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Toppled trees, downed power lines, flooded roadways remain in the aftermath of a violent storm that rolled across much of central and south Alabama Tuesday afternoon and evening. Old Cloverdale is among the hard hit neighborhoods. Alabama Power Company said crews are restoring electricity to homes and businesses in Montgomery, Selma and Fort Deposit. There were no injuries.
Not Guilty Plea
A Wilcox County deputy sheriff has pleaded not guilty to charges linked with a drug trafficking sting. Federal prosecutors said 45-year-old Greg Barge of Camden is accused of transporting packages of what he thought was cocaine from Montgomery to Camden. Authorities say Barge was paid on April 10th and on May 7th to deliver what he believed to drugs in his sheriff's department vehicle, while wearing his uniform and carrying his police-issued gun. Barge was arrested June 26th and is being held without bond.
With schools preparing to begin classes next month, Alabama's school superintendent is reminding city and count school officials that students don't need a Social Security number to enroll, and their parents don't need an Alabama driver's license or state-issued ID to enroll children. State Superintendent Dr. Tommy Bice sent a memo saying providing a child's Social Security number is voluntary.
A longtime advocate for Alabama children is retiring. The board of VOICES for Alabama's Children announced that Linda Tilly will retire as executive director at the end of the year. Tilly has been with the statewide child advocacy organization for more than 17 years. During Tilly's tenure, she has worked to create the Children First Trust Fund and to provide funding for the All Kids health insurance program.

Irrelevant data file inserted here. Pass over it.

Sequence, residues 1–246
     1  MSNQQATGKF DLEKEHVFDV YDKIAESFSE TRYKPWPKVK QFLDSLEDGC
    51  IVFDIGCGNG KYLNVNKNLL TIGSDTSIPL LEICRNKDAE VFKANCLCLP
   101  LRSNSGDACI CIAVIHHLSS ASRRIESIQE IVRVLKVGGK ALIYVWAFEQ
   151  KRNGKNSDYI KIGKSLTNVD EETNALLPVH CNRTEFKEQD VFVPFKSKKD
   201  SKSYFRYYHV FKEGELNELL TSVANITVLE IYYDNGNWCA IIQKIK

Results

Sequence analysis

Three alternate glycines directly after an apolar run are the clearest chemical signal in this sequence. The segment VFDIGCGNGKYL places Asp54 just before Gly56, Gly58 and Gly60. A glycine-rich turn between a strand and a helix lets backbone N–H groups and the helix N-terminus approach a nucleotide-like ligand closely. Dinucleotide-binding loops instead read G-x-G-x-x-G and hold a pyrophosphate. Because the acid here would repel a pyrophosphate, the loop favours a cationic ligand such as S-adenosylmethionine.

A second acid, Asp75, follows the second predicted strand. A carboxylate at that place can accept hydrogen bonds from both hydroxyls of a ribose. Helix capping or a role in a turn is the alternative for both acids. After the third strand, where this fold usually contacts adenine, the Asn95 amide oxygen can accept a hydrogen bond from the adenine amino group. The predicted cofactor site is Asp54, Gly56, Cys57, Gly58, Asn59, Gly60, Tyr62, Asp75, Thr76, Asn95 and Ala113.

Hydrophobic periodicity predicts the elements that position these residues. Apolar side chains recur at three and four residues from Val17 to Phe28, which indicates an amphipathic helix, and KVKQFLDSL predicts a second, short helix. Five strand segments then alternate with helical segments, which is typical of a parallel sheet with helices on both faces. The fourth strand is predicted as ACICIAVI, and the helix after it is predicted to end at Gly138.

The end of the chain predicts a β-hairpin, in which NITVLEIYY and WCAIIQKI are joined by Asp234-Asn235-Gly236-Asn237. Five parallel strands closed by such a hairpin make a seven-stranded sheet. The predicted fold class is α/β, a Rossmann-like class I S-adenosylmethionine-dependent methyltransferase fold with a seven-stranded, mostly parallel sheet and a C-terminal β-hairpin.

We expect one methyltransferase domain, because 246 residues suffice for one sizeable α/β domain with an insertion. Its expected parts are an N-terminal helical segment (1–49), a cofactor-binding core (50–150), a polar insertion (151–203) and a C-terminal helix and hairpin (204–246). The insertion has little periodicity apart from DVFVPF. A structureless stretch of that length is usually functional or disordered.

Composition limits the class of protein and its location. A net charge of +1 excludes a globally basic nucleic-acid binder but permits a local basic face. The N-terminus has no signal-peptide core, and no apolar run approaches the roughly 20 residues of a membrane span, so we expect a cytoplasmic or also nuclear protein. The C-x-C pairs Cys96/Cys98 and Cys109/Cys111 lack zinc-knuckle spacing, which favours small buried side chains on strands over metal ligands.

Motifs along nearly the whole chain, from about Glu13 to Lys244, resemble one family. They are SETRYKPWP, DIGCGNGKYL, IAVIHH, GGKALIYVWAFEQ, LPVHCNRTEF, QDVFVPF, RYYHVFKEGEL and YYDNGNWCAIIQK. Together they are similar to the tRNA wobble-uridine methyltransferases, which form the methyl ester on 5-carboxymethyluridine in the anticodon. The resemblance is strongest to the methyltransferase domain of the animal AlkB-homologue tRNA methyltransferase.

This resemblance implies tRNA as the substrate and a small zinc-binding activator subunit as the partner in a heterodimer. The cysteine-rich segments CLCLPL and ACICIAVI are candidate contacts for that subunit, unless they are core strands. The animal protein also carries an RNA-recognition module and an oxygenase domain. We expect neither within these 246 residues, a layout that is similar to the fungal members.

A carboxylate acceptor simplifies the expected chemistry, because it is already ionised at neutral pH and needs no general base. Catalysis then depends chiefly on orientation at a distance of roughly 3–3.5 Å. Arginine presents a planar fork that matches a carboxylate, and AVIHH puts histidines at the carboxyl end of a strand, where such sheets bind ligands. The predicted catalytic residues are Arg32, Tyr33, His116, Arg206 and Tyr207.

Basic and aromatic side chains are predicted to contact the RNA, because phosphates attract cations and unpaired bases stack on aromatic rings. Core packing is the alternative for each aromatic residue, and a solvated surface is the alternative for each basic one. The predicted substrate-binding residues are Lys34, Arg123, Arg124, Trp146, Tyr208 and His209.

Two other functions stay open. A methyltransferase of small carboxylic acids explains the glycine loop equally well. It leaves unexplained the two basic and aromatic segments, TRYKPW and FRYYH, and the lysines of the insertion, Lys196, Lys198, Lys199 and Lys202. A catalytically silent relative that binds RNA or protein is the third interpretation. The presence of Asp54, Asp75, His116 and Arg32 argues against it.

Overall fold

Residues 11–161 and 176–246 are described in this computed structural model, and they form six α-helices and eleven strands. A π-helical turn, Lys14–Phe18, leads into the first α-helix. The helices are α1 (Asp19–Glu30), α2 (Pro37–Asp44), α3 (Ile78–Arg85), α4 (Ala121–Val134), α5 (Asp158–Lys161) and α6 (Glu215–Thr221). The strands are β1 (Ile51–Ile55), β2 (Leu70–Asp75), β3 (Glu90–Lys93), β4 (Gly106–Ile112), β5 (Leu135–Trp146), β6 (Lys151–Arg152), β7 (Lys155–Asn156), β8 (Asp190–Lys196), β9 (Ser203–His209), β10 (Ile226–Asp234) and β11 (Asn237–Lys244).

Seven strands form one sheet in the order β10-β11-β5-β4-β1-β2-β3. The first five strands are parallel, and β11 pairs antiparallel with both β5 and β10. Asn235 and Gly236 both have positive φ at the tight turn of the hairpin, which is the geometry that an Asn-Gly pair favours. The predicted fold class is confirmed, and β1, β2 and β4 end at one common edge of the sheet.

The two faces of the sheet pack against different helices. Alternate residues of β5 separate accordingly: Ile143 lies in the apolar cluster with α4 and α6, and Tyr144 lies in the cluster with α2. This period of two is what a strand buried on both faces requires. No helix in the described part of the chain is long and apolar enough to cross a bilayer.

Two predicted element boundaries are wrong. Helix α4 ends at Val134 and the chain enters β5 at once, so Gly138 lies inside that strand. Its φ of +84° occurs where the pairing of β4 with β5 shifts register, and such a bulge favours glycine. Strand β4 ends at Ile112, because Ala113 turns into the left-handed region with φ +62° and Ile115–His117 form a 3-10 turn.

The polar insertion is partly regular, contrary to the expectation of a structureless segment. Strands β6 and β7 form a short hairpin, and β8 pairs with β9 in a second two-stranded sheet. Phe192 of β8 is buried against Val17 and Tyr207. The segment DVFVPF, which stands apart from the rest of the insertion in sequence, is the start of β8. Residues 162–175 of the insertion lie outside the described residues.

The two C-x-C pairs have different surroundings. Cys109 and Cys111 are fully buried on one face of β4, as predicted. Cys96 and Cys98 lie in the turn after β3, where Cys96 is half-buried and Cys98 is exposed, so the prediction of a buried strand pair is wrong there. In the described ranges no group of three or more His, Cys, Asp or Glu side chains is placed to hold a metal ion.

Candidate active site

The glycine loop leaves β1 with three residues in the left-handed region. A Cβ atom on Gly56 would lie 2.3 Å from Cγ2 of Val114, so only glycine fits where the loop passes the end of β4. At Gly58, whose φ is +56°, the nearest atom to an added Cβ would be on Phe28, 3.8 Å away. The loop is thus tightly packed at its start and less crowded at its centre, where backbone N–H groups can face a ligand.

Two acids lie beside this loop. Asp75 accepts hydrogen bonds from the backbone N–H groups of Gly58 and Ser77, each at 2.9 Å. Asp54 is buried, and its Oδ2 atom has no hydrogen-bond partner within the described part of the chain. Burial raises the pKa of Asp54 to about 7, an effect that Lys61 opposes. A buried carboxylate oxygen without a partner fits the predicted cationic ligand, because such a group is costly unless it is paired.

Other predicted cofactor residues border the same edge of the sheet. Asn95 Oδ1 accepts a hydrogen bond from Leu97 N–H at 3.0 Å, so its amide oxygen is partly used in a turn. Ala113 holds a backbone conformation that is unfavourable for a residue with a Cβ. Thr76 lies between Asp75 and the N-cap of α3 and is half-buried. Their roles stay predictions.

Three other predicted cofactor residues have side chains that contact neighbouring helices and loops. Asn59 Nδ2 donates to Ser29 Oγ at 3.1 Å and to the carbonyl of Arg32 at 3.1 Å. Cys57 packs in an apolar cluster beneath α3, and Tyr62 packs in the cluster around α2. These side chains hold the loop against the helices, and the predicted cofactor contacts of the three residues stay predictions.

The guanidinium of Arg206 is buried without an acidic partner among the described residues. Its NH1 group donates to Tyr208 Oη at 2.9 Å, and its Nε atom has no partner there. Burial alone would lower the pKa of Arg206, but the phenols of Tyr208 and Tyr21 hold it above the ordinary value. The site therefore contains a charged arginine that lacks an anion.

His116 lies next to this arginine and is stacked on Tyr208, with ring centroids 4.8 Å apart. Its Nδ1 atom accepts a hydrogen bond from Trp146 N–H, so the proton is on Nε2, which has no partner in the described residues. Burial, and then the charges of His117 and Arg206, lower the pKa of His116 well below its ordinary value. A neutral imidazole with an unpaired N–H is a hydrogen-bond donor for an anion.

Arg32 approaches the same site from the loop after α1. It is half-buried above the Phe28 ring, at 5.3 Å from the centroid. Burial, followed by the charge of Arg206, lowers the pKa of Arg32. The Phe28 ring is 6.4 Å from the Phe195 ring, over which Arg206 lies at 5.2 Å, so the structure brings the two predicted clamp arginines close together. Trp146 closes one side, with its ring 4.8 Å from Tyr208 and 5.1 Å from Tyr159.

Authorities in Prattville say a two-year-old girl died Tuesday morning in an apparent drowning. Police and Fire Medics responded to a residence on South Washington Street just before 9:30 a.m. Prattville Police Chief Mark Thompson said an initial investigation indicated the girl's drowning appeared to be an accident. The child's name was withheld.
Alabama's most specialized public schools are now labeled as failing because of a new state law that's supposed to make school more accountable. Some parents are complaining about it. All four of the state's schools that teach only special needs students are classified as failing under the Alabama Accountability Act, which became law this year.